Reference:  UKHL 11;  1 AC 247;  2 WLR 754;  2 All ER 477
Court: House of Lords
Judge: Lords Bingham, Hutton, Hope, Hobhouse & Scott
Date of judgment: 21 Mar 2002
Summary: Human Rights - Criminal Law - Article 10 - Freedom of Expression - prosecution under the the Official Secrets Act 1989 - whether the OSA is compatible with article 10 of the ECHR
Instructing Solicitors: Various
Mr Shayler, a former member of the Security Service, was charged with three offences under the Official Secrets Act 1989. Under sections 1 (1), 4 (1), and 4 (3) of the Act, he was accused of disclosing information and/or documents relating to his time in the service without lawful authority.
Whether the sections under which the Defendant was charged afforded him a public interest defence. If not, whether those sections were compatible with Article 10 of the European Convention on Human Rights; and if not, whether a declaration of incompatibility should be issued, or whether the sections could be read in conformity with the Convention.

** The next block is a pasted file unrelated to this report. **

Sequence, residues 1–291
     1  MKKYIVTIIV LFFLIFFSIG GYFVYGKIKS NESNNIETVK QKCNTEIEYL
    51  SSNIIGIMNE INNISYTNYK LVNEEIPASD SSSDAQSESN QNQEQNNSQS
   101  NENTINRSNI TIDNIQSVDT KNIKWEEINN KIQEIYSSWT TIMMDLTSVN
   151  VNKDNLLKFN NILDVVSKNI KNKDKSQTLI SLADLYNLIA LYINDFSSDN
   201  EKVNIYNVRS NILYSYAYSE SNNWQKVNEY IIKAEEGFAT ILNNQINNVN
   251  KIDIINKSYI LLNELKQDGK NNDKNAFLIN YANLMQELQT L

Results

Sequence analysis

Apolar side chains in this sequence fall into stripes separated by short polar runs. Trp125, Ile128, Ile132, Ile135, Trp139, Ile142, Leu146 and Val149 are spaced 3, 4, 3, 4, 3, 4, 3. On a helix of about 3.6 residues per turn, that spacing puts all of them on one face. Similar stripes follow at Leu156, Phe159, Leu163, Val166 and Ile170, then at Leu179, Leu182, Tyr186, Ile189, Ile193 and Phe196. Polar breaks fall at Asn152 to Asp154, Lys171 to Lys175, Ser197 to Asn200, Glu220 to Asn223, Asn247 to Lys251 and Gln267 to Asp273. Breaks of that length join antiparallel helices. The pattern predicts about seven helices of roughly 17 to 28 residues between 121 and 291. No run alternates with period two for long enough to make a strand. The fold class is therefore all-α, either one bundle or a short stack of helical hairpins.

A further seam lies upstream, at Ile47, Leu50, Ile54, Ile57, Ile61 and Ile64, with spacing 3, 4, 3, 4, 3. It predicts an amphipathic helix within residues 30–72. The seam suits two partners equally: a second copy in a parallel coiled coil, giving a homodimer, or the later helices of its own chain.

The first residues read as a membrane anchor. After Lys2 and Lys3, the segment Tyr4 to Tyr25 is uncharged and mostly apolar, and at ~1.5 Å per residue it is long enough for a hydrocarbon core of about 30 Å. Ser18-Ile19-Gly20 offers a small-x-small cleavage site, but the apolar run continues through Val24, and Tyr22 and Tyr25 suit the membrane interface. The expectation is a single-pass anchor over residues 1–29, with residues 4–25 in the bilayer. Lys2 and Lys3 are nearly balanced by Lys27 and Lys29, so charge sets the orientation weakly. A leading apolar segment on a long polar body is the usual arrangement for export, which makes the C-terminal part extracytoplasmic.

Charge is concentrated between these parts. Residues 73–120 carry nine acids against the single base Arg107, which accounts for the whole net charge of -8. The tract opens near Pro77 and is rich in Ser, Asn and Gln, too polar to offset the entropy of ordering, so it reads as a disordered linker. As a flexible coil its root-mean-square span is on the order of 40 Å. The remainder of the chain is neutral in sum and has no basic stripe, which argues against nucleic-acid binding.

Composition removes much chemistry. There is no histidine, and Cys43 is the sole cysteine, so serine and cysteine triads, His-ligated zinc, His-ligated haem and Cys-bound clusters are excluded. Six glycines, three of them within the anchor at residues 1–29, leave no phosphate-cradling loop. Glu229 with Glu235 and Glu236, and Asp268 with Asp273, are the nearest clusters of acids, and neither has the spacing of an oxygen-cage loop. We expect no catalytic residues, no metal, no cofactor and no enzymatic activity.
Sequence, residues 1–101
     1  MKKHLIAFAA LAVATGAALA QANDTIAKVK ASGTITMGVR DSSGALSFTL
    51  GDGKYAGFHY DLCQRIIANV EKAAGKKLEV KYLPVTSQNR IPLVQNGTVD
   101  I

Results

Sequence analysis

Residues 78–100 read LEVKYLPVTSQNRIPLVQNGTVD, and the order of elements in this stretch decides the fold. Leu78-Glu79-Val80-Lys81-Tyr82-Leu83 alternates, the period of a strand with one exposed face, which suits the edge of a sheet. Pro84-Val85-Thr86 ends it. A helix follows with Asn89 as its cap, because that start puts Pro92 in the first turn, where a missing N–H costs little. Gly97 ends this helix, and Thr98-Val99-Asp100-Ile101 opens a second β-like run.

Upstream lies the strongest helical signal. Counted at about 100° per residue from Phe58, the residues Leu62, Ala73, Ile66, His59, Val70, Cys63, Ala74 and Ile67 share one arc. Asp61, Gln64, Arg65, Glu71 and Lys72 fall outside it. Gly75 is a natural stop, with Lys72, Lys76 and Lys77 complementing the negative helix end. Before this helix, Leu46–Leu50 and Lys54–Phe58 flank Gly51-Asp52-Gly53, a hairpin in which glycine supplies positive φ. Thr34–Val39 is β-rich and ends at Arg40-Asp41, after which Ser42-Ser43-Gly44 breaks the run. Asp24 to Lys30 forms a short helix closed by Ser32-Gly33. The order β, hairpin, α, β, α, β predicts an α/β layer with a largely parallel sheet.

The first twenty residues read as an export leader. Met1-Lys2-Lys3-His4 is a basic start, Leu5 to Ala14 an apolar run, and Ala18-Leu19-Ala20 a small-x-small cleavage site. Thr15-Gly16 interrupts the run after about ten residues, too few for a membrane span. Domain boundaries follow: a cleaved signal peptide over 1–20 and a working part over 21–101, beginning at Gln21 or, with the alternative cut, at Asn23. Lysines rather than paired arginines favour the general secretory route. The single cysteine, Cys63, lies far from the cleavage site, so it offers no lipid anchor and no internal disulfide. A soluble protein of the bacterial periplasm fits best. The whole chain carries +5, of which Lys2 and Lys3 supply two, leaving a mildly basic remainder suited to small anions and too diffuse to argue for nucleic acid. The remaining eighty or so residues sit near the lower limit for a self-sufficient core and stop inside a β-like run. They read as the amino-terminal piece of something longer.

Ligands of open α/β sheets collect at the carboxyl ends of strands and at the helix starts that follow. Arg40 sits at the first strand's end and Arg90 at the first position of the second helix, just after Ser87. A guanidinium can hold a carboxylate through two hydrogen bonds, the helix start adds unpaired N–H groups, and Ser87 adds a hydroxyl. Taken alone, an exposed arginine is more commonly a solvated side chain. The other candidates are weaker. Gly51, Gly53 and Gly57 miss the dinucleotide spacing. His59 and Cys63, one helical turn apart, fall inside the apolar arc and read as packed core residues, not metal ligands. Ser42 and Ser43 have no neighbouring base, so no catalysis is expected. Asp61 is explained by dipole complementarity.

Whilst the sections were a prima facie restriction on Shayler’s right to freedom of expression, the restriction was prescribed by law and directed to the objectives specified in Article 10 (2) of the Convention. The question was whether the restriction was proportionate or not. As the ban under the Act was not absolute, but provided for disclosure with lawful authority provided the correct procedures were followed, sufficient and effective safeguards to satisfy Article 10 (2) of the Convention had been provided.
Article 10 recognises exceptions to freedom of expression to protect national security. The House of Lords found that the restrictions imposed by the Official Secrets Act were proportionate and necessary in a democratic society.